The exploration of our solar system has brought to light some of the most amazing discoveries in planetary science. One of the most fascinating revelations has been the discovery of worlds with underground oceans that are believed to conceal life.
These worlds are not only found in the outer reaches of our solar system, but also among the icy satellites of giant planets like Europa, Titan, and Enceladus. Even Pluto, a distant planet, is believed to have an ocean hidden beneath its surface.
With the help of advanced technology and the unwavering curiosity of researchers, we have been able to delve deeper into the mysteries of these worlds.
Southwest Research Institute planetary scientist S. Alan Stern writes in a report presented at the 52nd annual Lunar and Planetary Science Conference (LPSC 52) in March 2021 that the prevalence of interior water ocean worlds (IWOWs) in our solar system suggests they may be prevalent in other star systems as well, vastly expanding the conditions for planetary habitability and biological survival over time.
For many years, scientists have known that worlds with oceans on their surfaces, such as Earth, must stay within a certain range of distances from their stars in order to maintain the temperatures that keep those seas alive. IWOWs, on the other hand, can be detected at considerably greater distances from their stars. This dramatically increases the number of habitable worlds that will likely exist throughout the galaxy.
Earth-like worlds with seas are likewise vulnerable to a variety of risks to life, ranging from asteroid and comet impacts to harmful star flares, neighboring supernova explosions, and more. According to Stern’s article, IWOWs are immune to such threats because their oceans are shielded by a dome of ice and rock that is several to many tens of kilometers thick and covers their oceans.
“Interior water ocean worlds are better suited to provide many kinds of environmental stability, and are less likely to suffer threats to life from their own atmosphere, their star, their solar system, and the galaxy, than are worlds like Earth, which have their oceans on the outside,” said Stern.
He further points out that the same covering of rock and ice that shields the oceans on IWOWs also shields life from detection by nearly all astronomical approaches.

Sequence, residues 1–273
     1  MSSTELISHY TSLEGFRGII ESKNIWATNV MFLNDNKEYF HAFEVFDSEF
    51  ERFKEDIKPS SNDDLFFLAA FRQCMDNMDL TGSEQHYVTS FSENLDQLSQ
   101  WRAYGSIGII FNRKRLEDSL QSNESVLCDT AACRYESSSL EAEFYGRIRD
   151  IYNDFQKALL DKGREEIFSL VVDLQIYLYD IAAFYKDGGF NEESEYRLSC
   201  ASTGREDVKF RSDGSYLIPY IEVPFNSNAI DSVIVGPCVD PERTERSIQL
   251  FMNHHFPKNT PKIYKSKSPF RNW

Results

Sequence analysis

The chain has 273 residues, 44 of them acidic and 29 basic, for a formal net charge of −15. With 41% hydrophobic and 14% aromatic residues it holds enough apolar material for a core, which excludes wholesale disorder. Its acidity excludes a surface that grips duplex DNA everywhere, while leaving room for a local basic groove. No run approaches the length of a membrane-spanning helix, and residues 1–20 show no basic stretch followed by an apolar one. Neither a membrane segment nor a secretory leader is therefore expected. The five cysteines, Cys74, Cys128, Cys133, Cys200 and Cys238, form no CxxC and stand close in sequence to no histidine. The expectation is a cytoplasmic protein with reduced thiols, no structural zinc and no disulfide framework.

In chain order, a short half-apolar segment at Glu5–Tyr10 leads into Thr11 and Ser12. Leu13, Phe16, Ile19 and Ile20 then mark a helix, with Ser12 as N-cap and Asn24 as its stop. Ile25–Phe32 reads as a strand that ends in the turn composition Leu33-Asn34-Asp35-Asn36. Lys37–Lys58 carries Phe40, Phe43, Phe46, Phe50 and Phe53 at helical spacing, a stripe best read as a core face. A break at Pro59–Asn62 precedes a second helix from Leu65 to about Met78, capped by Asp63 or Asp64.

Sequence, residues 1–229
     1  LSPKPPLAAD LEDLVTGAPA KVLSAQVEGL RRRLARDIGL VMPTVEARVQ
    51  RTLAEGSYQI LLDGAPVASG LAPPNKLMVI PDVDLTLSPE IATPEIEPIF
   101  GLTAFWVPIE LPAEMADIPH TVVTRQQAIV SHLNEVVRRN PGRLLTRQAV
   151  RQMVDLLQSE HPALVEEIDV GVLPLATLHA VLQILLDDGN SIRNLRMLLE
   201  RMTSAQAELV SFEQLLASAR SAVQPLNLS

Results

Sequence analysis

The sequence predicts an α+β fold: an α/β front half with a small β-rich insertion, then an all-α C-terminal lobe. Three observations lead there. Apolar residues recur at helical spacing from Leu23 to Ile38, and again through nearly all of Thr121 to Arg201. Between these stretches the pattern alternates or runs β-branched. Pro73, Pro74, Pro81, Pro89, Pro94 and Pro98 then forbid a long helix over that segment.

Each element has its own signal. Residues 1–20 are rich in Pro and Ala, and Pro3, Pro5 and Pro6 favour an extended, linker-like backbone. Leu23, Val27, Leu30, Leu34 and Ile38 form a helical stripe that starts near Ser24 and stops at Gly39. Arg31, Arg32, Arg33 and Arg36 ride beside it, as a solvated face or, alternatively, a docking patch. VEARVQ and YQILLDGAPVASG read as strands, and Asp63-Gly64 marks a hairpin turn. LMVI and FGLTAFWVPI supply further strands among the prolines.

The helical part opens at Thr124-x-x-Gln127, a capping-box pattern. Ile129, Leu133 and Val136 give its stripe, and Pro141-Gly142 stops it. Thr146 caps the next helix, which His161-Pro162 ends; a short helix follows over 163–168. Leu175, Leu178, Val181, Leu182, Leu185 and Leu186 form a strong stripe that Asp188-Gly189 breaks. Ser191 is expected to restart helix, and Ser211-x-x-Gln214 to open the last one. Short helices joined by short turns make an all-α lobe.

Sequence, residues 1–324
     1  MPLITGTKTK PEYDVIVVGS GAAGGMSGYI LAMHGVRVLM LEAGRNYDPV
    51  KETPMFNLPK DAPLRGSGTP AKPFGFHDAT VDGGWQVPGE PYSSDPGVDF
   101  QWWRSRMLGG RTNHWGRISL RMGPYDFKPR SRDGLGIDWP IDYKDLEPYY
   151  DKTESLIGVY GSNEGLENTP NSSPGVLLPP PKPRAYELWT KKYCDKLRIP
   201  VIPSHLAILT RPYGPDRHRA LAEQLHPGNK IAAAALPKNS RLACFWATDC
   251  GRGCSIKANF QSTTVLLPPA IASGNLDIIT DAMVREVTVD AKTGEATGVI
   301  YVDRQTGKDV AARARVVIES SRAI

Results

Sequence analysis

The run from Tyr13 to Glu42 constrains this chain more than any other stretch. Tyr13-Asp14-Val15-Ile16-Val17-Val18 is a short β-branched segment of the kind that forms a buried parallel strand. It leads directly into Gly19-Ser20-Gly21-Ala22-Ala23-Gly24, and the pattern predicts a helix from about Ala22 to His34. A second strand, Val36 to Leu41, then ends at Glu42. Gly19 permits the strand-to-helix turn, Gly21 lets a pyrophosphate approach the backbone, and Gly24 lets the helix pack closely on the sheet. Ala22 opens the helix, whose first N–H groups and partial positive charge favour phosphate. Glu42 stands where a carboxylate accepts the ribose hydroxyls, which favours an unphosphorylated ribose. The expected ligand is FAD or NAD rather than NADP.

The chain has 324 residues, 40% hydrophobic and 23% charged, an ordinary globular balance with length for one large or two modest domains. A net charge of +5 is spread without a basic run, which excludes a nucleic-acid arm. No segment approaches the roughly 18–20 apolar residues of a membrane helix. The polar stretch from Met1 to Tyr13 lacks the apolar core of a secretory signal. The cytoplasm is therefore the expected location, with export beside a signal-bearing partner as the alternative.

If such worlds are the primary abodes of life in the galaxy and intelligent life develops on them – big “ifs,” Stern notes – then IWOWs may help solve the Fermi Paradox. The Fermi Paradox is a topic that was originally posed in the early 1960s by Enrico Fermi, who later went on to win the Nobel Prize in Physics. It asks why there isn’t more clear evidence of life if it’s widespread across the universe. “The same protective layer of ice and rock that creates stable environments for life also sequesters that life from easy detection,” said Stern.
In conclusion, the discovery of worlds with underground oceans has revolutionized the field of planetary science in the last 25 years. With the presence of such worlds being common in our solar system, this means that we are more likely to find life beyond Earth than previously thought. The icy satellites of the giant planets like Europa, Titan, and Enceladus, and distant planets like Pluto, are now prime candidates for further exploration and study, as they may hold the key to unlocking the mysteries of life in our universe.
The possibilities are truly endless, and the discoveries of these worlds will undoubtedly continue to captivate our imaginations for many years to come.
More information: “Some Implications for Both Life and Civilizations Regarding Interior Water Ocean Worlds”.
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